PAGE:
2. wow! the main part of me is just like wow what a bitch? and you should DEFINITLY tell her what for, next time someone speaks like that.

    Its also so difficult, I imagine, when somen women and people within that culture just have never been exposed to anything different and don't really know?

    Such a difficult thing to make peace with and find your own way through!

  3. The thing is i feel like i do the same amount i'd do at home. Plus washing everything by hand and SWEEPING the carpet! I don't feel like i do too little!

    My husband and MIL are fine. I mean there are only three rooms so there isn't too much to clean. It is just different...

  4. I always struggled with gender roles when visiting Nepal too. Mostly I would just conform to expectations people have of daughters, but I also always had the option (and the privilege) of 'stepping out'. So if I wanted a night out I would just go...if I needed to get away and go on a trek for a month or two I would just go. It would always build up to a point of feeling confined (not helped by everyone being so bloody relaxed and laid back and the slow pace of each day) and then I'd snap and escape somewhere. My female cousins were always envious that I could just take a break when I needed too. They're all smart and they certainly find Nepali gender expectations confining. Even the most gutsy ones admit that your freedom as a Nepali wife mostly depends on marrying into a family with progressive in-laws.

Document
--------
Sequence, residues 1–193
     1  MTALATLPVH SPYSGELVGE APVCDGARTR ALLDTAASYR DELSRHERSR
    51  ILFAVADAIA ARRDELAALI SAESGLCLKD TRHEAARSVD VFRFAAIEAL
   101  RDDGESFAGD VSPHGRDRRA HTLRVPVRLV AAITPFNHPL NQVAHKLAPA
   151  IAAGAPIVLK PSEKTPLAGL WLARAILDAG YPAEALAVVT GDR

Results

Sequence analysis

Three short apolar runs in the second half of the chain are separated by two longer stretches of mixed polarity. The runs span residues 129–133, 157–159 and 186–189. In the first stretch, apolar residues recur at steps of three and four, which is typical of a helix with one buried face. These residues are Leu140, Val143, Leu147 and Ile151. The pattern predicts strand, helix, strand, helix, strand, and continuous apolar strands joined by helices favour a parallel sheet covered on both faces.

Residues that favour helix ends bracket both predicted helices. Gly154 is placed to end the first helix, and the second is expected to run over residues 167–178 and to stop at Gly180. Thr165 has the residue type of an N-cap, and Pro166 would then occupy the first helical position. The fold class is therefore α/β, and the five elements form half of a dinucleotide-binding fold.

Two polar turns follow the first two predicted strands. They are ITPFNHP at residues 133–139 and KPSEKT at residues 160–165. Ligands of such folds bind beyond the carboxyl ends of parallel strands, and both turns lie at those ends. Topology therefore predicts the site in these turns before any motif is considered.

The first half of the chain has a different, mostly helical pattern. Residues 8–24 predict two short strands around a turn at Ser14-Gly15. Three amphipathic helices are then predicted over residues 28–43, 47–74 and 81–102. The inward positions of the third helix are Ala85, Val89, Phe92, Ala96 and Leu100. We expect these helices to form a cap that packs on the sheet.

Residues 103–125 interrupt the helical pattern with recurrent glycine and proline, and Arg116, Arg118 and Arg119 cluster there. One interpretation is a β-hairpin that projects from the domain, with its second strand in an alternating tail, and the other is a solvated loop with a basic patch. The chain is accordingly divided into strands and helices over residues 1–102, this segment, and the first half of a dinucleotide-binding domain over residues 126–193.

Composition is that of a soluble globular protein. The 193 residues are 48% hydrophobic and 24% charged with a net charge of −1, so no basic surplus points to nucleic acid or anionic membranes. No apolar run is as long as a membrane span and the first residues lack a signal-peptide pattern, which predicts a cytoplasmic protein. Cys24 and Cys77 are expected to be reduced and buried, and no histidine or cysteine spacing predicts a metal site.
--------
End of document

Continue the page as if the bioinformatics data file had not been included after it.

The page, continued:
Anyway I'm ranting :) It must be different being there as a daughter/niece/guest as opposed to a wife/DIL - you can't just step out and stop being a wife. I hope you're going ok. I think it would have been totally legit to lash out that obnoxious woman...bitch!!

  5. hey you,
    sweet of you to wonder about "respecting the Nepali culture" but lemme tell you there is something about every culture that deserves everything but respect. gender roles in nepal topping that list.
    this is something we as humans (not just women or nepali) can never agree to make "peace" with. you fight it as best you can.
    i know it's easier for me as a nepali woman to talk about how stupid nepal's notion of gender roles me.
    everytime i hear "poor nepaliketi's boyfriend ... he's gonna be thin as a stick before their first year of marriage" or "i'm guessing her MIL will send her back before the first week's over" i tell them if he had intended on marrying a full-time servant bc he can't cook when he's hungry then he probably wouldn't be dating me. and, that's a hard thing to tell ppl who in words said "you are no less for being a woman" when i was growing up...and now that i'm more grown up, that's what i get told. one word for all that: BULLSHIT.

  6. Ok maybe respect was the wrong word but I have thought a lot about your comment. I went home and had an argument with Mero Budda about women roles in the house, made him promise to cook and serve.